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A college sports blog from The Oakland Press, dedicated to covering Michigan and Michigan State athletics as well as former Oakland County athletes at other schools.

Sunday, December 4, 2011

Spartans have done enough to earn national respect, but haven't demanded it

Michigan State safety Isaiah Lewis dove right underneath the leg of Wisconsin punter Brad Nortman to draw the penalty that costs MSU the game Saturday night, but in reality that kick went straight to the Spartans' gut.
Lewis' running into the kicker penalty, on a punt that was returned by Keshawn Martin inside the Wisconsin 10-yard line, denied MSU a Big Ten championship and a trip to the Rose Bowl. No luck this time for the Green and White.
It was a horrible call. While by definition Lewis did run into the kicker, that call can't be made in that circumstance. Officials should not take the fate of the game out of players' hands. Let 'em play ref. Let 'em play.
It's a shame, really. Michigan State outplayed Wisconsin Saturday and deserved to win that game. What's going to compound the heartbreak for the Spartans is that this game -- more specifically that penalty -- has cut the legs out from what was a program-defining season in East Lansing. Michigan State coach Mark Dantonio wants so badly to be able to change the national image of Spartan football. He also believed whole wholeheartedly that this group of players was the group that was going to accomplish that. It's the reason for the "Little Giants" play call last season against Notre Dame. The reason he showed not the slightest bit of surprise when Kirk Cousins connected with Keith Nichol on the hail mary that beat the Badgers earlier in the year and why he called a fake extra, which was successful, early in Saturday's game.
This team, which features a senior class that has won more games than any other in the history of MSU's program, was supposed to finish on top -- at least in the minds of everyone associated with it. Michigan State even went as far as to put Rose Bowl perihelia up around the football complex this week, including Roses in the players lockers. That's the type of confidence this team had.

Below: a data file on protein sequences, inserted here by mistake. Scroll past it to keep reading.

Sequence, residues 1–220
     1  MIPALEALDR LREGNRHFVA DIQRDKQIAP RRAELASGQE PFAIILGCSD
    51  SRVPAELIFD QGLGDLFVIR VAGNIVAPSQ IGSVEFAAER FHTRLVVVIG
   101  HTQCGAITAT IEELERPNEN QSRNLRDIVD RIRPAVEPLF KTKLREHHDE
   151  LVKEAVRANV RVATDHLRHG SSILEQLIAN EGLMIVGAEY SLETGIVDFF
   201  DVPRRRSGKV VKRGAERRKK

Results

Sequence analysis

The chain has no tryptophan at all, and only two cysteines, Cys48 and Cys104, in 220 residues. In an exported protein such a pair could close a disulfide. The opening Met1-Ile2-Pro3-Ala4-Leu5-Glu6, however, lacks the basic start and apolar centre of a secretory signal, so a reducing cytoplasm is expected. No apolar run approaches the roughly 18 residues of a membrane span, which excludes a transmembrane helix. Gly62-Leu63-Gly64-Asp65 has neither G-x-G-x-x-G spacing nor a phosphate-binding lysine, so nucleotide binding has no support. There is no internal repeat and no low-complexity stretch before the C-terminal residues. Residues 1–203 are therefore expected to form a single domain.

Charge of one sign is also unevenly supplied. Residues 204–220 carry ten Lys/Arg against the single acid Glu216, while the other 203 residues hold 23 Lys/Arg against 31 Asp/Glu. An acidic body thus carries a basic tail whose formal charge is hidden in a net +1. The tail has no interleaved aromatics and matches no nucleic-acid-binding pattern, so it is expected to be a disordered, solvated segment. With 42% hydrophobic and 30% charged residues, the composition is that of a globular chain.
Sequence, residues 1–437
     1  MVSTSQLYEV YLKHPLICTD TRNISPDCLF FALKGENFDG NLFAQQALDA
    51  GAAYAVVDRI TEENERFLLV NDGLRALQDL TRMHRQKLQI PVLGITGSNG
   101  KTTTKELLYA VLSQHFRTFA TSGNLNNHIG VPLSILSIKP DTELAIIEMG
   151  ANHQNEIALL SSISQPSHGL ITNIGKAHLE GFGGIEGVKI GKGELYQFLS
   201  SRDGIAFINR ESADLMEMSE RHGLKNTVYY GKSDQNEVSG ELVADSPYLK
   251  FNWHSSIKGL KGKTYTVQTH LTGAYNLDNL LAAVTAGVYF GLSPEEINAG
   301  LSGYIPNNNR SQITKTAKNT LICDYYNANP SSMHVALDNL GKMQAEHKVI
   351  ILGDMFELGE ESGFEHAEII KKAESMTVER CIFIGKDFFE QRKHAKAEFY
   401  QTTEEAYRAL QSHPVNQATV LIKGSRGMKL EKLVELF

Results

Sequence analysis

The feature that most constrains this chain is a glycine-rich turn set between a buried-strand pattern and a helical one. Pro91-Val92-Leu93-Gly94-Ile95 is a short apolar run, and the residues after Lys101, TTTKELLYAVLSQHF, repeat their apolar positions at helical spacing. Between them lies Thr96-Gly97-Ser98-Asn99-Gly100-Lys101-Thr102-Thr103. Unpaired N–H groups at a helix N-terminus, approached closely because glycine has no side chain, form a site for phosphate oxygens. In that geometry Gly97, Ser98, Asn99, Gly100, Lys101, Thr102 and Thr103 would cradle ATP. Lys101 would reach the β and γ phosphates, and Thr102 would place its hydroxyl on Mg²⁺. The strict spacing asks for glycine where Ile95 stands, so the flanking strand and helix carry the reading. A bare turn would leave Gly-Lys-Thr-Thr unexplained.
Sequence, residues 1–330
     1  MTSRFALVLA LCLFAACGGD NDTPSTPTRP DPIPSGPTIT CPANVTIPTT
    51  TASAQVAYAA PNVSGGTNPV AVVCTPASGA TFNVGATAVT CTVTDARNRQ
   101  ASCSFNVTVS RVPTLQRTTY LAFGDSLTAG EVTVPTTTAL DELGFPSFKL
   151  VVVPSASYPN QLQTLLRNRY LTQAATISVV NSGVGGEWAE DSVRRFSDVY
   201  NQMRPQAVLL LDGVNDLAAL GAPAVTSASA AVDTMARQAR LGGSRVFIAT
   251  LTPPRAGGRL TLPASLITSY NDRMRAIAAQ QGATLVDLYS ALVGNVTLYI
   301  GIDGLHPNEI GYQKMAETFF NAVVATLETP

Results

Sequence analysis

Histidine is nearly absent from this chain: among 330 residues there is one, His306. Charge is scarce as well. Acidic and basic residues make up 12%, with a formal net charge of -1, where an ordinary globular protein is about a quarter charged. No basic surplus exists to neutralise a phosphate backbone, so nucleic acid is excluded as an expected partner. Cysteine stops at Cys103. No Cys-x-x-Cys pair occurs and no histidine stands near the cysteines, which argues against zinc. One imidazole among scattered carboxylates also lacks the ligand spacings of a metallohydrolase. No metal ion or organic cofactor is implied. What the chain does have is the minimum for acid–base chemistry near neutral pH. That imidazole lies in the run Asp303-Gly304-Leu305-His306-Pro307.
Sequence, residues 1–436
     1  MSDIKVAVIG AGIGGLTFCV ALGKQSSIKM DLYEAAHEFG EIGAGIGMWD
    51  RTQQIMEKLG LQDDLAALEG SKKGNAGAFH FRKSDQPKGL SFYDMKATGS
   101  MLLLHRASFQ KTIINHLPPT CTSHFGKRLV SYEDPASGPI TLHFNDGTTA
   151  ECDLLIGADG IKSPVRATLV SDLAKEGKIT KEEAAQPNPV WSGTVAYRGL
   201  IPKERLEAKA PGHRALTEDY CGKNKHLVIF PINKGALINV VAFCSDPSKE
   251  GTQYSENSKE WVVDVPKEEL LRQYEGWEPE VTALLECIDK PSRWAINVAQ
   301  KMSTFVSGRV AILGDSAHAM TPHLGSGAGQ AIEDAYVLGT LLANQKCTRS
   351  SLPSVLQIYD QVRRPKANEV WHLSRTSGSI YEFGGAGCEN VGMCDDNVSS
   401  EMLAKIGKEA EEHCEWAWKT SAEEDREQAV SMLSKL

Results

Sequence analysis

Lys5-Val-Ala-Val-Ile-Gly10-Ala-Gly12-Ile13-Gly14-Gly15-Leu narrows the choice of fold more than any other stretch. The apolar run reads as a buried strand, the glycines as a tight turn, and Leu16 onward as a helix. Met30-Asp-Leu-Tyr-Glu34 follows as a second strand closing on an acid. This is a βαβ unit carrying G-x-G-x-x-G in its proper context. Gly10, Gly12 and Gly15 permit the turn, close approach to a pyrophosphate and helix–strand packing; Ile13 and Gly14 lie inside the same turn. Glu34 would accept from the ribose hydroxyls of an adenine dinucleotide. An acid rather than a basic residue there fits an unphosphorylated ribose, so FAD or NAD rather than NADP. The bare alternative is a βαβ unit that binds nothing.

Yet, entering Saturday's Big Ten championship game, MSU was listed as 9.5 point underdogs to Wisconsin -- despite beating the Badgers in the regular season and finishing with the best record in the Big Ten.
Somehow, that logic rang true. The underdog Spartans did what the "experts" said they would do. They came up short.
"This is a good football team. This is a good program and their tired of being disrespected," MSU radio announcer and former Spartan quarterback Jim Miller said Saturday night.
They've got to be getting tired of losing big games, also.
While a Vegas betting line might not offend the Spartans, getting left out of the BCS pool should and likely will.
"We are the winningest program the last four years in terms of Big Ten conference games," Dantonio said prior to the championship game. "We're 24-8. We're 14-2 in the conference the past two years, so hopefully we're changing that thought process a little bit... I think we're changing perceptions as we go."
That being said, there's not a BCS bowl executive or board member in the country that would rather have Michigan State in its game over a more prestigious football school -- such as Michigan. In many ways the Spartans are the equivalent to a basketball mid-major when it comes to the top ranks of college football. The only way they're going to get respect is if they demand it. If they leave no doubt. Beating Wisconsin Saturday night was an opportunity to do that. I believe Michigan State should get an at-large bid to the BCS. In my mind the Spartans are one of the top 10 teams in the country. But it's no secret that is the minority opinion.
Instead, the Spartans will likely end up in either the Capitol One Bowl or the Outback Bowl against either Arkansas or Georgia. Until next year at least, Michigan State is still Michigan State. And like Saturday's performance, that's just not good enough.


Anonymous Anonymous said...

"Let 'em play" is a desperate excuse you make when your team comes out on the wrong side of a call. It was a clear penalty as defined by rule, it clearly put the punter at risk of injury, and it was an easy flag. The game wasn't decided by the ref, it was decided by whatever idiot decided to rush that punt.

Under what circumstances could that call be made in your mind?

April 27, 2012 at 1:44 PM 
Anonymous Anonymous said...

You might find this discussion instructive.

Impressed that even MSU can muster enough level heads to realize that this was a penalty and a penalty is a penalty is a penalty no matter when it occurs, perhaps even MORE so when it comes at a crucial juncture. If you were a receiver and got tackled while the ball was in mid-air, would you want the ref to shrug and say he was just letting y'all play?

April 27, 2012 at 2:01 PM 

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